Doctors Without Borders (MSF), an international non-governmental organization for humanitarian aid, has said that the US air attack that killed 22 people in hospital in the northern Afghan city of Kunduz was a war crime.
UN Human Rights Chief Officer Zeid Ra’ad al Hussein also described the US-led forces' air strike targeting the hospital as 'inexcusable' and possibly ‘war crime.’
"The seriousness of the incident is underlined by the fact that, if established as deliberate in a court of law, an air strike on a hospital may amount to a war crime," Hussein said.
The MSF has also criticized Afghan government statements legitimizing the US air strike and described it as "disgusting".
The MSF declared in a statement on its website, "These statements imply that Afghan and the US forces working together decided to raze to the ground a fully functioning hospital - with more than 180 staff and patients inside - because they claim that members of the Taliban were present.”
"This amounts to an admission of a war crime. This utterly contradicts the initial attempts of the US government to minimize the attack as collateral damage” MSF added.
On bombing of @MSF hospital in Kunduz: "We cannot accept that this horrific loss of life will simply be dismissed as ‘collateral damage.’”
— MSF International (@MSF) 3 October 2015
US President Barack Obama expressed his "deepest condolences" for those who fell victim to the attacks and stated that the Pentagon has undergone a full investigation concerning the matter.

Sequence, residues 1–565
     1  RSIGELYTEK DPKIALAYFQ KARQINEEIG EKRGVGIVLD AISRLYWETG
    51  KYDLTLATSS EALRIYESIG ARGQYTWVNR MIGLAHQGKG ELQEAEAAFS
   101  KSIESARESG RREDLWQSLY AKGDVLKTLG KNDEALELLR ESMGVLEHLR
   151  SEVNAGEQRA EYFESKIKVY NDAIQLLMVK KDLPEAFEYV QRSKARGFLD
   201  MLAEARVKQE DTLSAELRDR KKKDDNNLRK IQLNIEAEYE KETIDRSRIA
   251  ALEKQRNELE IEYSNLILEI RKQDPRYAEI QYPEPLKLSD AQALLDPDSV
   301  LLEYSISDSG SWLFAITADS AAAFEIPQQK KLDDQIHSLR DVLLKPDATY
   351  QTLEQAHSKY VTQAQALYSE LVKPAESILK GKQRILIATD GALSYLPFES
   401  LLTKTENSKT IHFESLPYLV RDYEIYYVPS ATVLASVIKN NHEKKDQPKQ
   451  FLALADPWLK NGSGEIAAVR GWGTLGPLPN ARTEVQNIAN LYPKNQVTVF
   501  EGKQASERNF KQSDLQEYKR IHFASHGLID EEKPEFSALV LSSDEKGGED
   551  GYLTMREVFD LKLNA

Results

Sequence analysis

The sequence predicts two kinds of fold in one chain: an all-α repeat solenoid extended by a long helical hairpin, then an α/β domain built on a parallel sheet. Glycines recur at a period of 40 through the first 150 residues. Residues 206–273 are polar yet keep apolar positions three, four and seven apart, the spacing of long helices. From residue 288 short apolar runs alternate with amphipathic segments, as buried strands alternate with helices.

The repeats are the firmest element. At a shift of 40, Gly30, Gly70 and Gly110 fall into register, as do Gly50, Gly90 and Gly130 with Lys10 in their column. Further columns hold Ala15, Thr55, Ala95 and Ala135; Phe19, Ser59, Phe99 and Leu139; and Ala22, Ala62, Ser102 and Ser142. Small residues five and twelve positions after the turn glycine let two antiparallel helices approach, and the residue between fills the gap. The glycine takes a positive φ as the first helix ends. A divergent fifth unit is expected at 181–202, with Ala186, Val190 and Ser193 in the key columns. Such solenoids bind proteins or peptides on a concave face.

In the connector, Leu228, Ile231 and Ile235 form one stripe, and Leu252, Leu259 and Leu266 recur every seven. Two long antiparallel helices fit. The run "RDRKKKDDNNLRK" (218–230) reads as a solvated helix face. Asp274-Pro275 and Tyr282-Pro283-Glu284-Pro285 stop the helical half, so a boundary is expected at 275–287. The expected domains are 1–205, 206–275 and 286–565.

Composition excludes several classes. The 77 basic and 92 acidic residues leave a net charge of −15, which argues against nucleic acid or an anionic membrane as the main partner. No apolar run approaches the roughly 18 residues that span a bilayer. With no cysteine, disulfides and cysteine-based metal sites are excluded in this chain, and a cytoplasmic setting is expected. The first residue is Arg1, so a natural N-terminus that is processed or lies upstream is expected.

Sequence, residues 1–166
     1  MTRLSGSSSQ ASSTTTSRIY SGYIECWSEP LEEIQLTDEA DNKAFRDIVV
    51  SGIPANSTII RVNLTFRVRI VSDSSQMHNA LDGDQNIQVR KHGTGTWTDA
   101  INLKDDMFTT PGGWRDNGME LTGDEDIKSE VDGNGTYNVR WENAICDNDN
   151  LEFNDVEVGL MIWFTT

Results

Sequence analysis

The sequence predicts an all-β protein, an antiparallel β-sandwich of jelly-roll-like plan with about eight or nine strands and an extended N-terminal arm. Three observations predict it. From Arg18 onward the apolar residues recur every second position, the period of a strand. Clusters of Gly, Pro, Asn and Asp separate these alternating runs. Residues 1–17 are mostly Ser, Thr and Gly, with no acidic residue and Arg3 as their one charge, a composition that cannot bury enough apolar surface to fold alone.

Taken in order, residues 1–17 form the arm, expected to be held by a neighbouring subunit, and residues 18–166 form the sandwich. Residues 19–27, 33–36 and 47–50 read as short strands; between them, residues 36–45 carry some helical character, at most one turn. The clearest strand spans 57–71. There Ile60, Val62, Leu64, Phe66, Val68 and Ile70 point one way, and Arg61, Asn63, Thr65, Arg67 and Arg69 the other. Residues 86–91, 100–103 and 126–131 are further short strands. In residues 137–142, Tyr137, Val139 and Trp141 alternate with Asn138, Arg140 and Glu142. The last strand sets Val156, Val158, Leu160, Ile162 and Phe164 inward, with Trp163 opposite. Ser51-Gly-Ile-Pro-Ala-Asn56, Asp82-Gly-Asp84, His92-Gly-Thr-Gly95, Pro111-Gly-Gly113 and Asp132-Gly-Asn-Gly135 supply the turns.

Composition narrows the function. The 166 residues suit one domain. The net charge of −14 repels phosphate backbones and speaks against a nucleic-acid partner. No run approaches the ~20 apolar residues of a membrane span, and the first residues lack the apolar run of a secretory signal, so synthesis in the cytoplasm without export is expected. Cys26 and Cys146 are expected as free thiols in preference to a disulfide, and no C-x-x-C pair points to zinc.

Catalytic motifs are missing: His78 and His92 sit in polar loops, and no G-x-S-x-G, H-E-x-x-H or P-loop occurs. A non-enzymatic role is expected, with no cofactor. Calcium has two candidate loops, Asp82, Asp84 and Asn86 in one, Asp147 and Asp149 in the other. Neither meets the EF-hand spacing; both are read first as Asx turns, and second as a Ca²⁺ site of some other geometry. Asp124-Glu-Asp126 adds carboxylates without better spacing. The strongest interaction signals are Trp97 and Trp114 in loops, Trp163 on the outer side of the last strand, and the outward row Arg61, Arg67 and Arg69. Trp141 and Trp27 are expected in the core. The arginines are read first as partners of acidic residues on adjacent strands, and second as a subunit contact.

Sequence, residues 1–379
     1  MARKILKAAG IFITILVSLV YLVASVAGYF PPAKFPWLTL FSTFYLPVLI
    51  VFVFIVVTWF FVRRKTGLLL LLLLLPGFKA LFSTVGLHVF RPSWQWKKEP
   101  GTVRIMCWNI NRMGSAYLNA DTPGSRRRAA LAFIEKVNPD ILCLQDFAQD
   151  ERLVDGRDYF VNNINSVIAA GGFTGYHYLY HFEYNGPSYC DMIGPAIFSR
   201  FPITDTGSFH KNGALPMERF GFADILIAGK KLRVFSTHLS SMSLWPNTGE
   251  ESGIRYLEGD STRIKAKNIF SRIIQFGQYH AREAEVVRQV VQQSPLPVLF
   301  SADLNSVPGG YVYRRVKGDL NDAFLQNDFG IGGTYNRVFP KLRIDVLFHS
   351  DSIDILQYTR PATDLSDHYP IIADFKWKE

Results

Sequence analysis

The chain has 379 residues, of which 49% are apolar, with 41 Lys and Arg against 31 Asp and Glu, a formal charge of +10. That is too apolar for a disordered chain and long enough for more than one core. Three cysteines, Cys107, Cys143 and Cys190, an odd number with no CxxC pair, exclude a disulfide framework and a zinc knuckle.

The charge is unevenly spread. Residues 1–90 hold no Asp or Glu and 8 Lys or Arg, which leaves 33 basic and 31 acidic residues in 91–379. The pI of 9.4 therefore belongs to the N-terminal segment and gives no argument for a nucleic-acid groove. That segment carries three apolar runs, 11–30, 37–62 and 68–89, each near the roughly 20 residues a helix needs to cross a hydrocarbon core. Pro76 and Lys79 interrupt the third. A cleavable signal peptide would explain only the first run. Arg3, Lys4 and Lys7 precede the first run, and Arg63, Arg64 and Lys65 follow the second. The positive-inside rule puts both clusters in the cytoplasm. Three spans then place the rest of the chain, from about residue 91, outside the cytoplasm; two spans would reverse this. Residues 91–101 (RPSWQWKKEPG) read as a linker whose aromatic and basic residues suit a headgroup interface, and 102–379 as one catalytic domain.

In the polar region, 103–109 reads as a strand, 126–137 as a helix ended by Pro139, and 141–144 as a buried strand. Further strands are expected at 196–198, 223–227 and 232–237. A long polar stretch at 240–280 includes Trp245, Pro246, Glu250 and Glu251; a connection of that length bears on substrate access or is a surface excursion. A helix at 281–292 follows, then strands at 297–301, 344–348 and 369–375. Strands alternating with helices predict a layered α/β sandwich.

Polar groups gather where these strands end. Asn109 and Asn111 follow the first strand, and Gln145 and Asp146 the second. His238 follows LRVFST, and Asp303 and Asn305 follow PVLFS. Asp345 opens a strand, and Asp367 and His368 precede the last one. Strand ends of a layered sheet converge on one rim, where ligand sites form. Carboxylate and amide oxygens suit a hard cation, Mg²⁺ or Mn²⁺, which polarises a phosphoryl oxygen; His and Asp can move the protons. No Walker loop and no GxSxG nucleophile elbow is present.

US military said it operated an air strike "in the vicinity" of the hospital, as it aimed at targeting the Taliban militant groups.
US Defense Secretary Ashton Carter also extended his condolences while acknowledging that US forces supporting their Afghan counterparts "were operating nearby."
Afghan Interior Ministry reported that a group of militants associated with Taliban were firing on Afghan forces at the time of the attack after they had taken position within the hospital compound, using the building "as a human shield."
“Afghan security forces launched a clearing operation on hospital last night where tens of militants had positioned,” said ministry spokesman Sediq Sediqqi.
However, MSF members have denied any statements claiming that the Taliban fighters were firing from its hospital at Afghan forces.
"The gates of the hospital compound were closed all night so no one that is not staff, a patient or a caretaker was inside the hospital when the bombing happened," MSF said on Sunday.
To be clear; not a single member of our staff reported any fighting inside #Kunduz hospital compound prior to US air strike Saturday morning
— MSF International (@MSF) 4 October 2015
Following the air strike, patients were burned alive in the crowded hospital, and among the dead were three children who were being treated, according to witnesses.
An official of the medical aid group said that MSF staff had telephoned military officials at NATO in both Kabul and Washington immediately following the air raids, but the bombs continued to hit for almost an hour.
Afghan forces regained control in vast majority of Kunduz
Afghan government forces seized control in large part of Kunduz on Monday, police and local people said, and some shops opened in the centre of Kunduz since Taliban militants captured it according to Reuters.
Reuters reported that for the first time following a week of unrest, there hasn't been any gun battles and residents could go out for shopping.
"The city centre is back to normal but the city smells so bad due to dead bodies still lying on the pavements and in the sewage. The local government must do something" said a local residence.